Bean there

As they continue their inexorable colonisation of our high streets, the major coffee chains are experimenting with new store concepts to maintain their addictive appeal to an increasingly design-savvy public. Emily Gosling reports


Last week, Pret A Manger opened a new pilot ’coffee kitchen’ branch in Warwick Way, south London, with bespoke interiors and signage – a concept the chain plans to roll out in smaller regional towns.

The store, designed by Pret’s in-house team, is the first branch to bring the kitchen front-of-house. It aims to be a ’warm, welcoming café’, marking a departure from Pret’s usual more clinical, steel-heavy ’grab and go’ feel.

Pret is among a number of chains that have worked to escape ’cookie cutter’ interiors and combat perceptions that British high streets are becoming homogenised.

Last year, rival chain Starbucks announced plans to ’de-brand’ many stores, creating a neighbourhood coffee shop feel informed by a ’high-end design philosophy’.

Starbucks’ plans were exemplified in the opening of its London flagship on Conduit Street in November 2009, and Edinburgh’s Royal Mile Scotland flagship, which launched in July.

It says the Conduit Street store will inspire UK-wide new store designs and refurbishments, meaning that ’no two Starbucks will ever be entirely the same’.

Tim Pfeiffer, senior vice-president of global design at Starbucks, says, ’We’re the first retailer in our sector to adopt this approach to store design, which results in stores that look distinctively local and which fit within their neighbourhoods.’

In July, Costa launched a new-look ’metropolitan’ store format to cater specifically for urban customers, the first of which opened in London’s Great Portland Street.

The interiors were created by Stiff & Trevillion, and aim to create an individual look and feel using existing elements such as exposed brick walls.

Mike Stiff, director of Stiff & Trevillion, says, ’The challenge is that [Costa] survives by being a brand. People are much more sophisticated than they were five or ten years ago. There are more offers out there so it’s important that places look nice – [chains] have realised that design adds to the mix.’

Also in July, Coffee Republic appointed Conran & Partners to change its branding and interiors. The company wanted to overhaul its image to attract a wider audience, after being bought out of administration last year.

Nathan Zaver, senior designer at Conran & Partners, says, ’Coffee Republic’s look was left behind a little bit. All the black and red was a bit oppressive, so we wanted to bring something a bit fresher and more vibrant.’

Conran & Partners created a manual for the new identity to be rolled out across Coffee Republic’s branches, meaning differences between stores will be dictated by physicality rather than location or custom-made fittings.

Zaver sees the ’monochromatic’ browns often seen in chains, including Starbucks, as having been ’done to death’, and feels the future of interiors is in bold colours and vibrancy.

’The general public is becoming more design-savvy,’ he says. ’The brown “home spun” thing is going. Everyone’s trying to grab people’s attention.’

Pret uses a number of design consultancies for its interiors, including JHP, Cada and David Collins. For the most part, briefs for the interiors focus on functionality, increasing footfall and maximising ’dwell time’.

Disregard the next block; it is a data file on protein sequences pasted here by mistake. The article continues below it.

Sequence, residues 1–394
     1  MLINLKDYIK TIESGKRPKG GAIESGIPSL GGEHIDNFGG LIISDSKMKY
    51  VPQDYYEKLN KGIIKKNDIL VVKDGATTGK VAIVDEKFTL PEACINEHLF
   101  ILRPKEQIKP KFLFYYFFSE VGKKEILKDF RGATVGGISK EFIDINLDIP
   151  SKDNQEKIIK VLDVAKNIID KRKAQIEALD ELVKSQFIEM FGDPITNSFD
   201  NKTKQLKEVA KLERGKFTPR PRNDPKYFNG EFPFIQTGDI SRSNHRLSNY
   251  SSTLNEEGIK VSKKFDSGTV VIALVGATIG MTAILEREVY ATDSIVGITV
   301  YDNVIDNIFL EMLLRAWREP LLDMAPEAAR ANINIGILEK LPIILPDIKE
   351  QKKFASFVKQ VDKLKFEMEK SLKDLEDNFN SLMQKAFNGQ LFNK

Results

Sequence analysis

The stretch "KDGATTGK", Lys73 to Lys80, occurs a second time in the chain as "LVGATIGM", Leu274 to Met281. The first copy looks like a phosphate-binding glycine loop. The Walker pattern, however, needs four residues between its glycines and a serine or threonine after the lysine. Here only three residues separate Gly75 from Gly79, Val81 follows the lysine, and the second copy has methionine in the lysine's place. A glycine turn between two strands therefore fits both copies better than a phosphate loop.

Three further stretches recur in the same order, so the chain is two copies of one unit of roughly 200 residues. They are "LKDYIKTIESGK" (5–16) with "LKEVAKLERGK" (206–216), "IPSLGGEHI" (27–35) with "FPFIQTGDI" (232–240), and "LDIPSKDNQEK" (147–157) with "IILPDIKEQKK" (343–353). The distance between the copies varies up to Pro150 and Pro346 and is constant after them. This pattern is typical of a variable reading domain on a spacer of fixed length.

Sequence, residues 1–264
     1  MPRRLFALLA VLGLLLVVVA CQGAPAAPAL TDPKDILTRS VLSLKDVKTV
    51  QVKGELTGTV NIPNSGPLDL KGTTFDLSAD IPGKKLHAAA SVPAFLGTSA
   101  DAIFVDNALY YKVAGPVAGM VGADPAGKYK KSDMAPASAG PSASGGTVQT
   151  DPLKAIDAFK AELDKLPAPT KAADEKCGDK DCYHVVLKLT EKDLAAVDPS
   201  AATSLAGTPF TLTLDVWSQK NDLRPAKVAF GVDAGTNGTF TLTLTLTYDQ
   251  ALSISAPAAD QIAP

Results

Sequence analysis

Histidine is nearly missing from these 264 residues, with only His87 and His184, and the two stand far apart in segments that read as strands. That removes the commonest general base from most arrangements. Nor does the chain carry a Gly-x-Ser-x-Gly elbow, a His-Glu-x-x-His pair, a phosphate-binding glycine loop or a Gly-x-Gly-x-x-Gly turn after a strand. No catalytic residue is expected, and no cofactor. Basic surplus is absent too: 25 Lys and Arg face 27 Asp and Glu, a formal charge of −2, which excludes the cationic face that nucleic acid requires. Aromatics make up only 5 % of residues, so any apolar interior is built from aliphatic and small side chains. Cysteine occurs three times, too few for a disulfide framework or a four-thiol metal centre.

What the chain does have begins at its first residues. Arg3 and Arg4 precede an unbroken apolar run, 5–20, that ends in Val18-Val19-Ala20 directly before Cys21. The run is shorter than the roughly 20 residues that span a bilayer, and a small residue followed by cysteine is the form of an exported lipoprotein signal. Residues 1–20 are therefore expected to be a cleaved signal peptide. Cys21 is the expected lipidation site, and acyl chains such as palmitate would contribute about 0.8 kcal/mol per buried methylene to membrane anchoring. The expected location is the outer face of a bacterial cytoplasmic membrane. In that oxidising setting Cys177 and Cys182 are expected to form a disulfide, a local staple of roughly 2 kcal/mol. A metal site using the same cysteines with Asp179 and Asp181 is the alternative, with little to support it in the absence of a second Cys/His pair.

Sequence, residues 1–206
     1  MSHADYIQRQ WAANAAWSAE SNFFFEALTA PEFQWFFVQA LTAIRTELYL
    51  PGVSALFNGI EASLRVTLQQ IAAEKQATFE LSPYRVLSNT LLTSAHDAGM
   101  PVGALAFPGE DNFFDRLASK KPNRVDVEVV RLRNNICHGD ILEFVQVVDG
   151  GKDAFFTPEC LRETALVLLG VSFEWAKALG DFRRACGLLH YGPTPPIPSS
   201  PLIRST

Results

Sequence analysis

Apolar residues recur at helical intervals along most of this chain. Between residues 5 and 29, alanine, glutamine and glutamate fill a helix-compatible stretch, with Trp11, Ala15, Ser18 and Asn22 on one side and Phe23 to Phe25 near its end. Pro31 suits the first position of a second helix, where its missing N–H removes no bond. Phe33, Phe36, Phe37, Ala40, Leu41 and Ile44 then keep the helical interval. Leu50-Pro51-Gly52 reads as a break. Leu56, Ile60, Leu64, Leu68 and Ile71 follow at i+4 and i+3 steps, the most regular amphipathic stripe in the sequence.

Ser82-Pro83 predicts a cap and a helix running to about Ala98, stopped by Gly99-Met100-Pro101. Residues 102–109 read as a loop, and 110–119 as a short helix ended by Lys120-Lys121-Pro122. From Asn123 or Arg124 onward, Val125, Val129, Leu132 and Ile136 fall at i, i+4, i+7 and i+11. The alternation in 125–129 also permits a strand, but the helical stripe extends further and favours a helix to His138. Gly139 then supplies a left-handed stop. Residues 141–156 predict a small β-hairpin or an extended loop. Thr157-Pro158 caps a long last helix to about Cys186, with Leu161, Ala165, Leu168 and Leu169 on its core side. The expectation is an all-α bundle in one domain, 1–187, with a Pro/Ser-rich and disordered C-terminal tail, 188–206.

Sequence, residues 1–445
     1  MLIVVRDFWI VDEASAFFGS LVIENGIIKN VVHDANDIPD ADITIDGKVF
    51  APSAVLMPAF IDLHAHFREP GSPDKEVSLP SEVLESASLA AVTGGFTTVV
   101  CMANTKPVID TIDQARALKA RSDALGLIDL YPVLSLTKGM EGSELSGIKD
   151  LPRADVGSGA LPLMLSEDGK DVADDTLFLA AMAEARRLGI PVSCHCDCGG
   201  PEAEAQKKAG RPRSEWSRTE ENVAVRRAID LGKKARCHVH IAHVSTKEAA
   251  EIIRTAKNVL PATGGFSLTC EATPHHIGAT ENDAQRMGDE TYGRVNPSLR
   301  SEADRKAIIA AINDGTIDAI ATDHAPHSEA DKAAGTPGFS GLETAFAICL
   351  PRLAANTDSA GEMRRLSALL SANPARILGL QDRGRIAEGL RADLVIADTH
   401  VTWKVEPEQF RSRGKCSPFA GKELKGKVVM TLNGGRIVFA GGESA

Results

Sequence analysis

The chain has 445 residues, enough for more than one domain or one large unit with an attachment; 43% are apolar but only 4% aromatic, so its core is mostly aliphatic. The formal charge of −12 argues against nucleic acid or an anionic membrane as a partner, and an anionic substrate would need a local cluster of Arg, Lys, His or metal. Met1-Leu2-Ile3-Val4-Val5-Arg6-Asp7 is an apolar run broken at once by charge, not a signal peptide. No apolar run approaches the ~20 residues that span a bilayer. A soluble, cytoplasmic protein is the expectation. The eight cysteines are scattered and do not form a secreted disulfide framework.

Paul Jones, director of retail design at JHP, feels that the trend for bespoke coffee shops is predominantly a metropolitan one, with regional outlets tailored to increasing customer footfall rather than creating a coffee ’experience’.

JHP created the retail concept for the ’test bed’ Pret in Kingston a year ago, which is to be ’tweaked and revamped’ for other stores outside of major cities.

Jones says, ’The design was efficient to get more people through, but customers weren’t responding to the look and feel during off-peak times. Pret wants to create a more relaxed experience than “grab and go”. We warmed it up, with less stainless steel, using softer finishes and more timber.’

Jones predicts coffee shops will steer towards Starbucks’ Conduit Street model – he describes it as ’the busiest meeting room in London’.

He adds, ’They’ll be more New York-style, more of a social event or a working space.’

In July, Cada founder David Anderson spoke at the Caffe Culture exhibition about the future of café design, where he agreed with Jones that environments will become more flexible in their function.

Cada has also created interiors for Pret, including sites in London, Brighton and Liverpool. Anderson echoes Jones’ comments that Pret briefs designers to create interiors that ’increase dwell time in off-peak periods’.

He adds that the bespoke, cosy model adopted by Starbucks is rapidly approaching its ’sell-by’ date.

’It’s ending,’ says Anderson. ’The interiors of tomorrow are coming out of the boutiquey, side street coffee shops. The scientific and the digital world will all change interiors.’

Anderson sees coffee shop interiors following New York’s lead, adopting a more ’clean’ look and feel, with ’crispness, a lot of brightness’ and technology-driven layouts.

’New stuff’s coming from the back streets,’ he says. ’It’s going to be quite electric and dynamic with crisp colours and materials.’

Café facts

  • The first coffee house in England was set up in Oxford in 1650, and is now a cocktail bar
  • Charles II dubbed London coffee houses ’places where the disaffected met, and spread scandalous reports concerning the conduct of His Majesty and his Ministers’
  • Starbucks takes its name from the Herman Melville novel Moby Dick
  • In September 2009, Coffee Republic set up a deal to open the highest coffee shop in the UK, on the observation deck of London’s Pinnacle building
  • Staff at Pret A Manger wear caps with two different colours, to show relative experience

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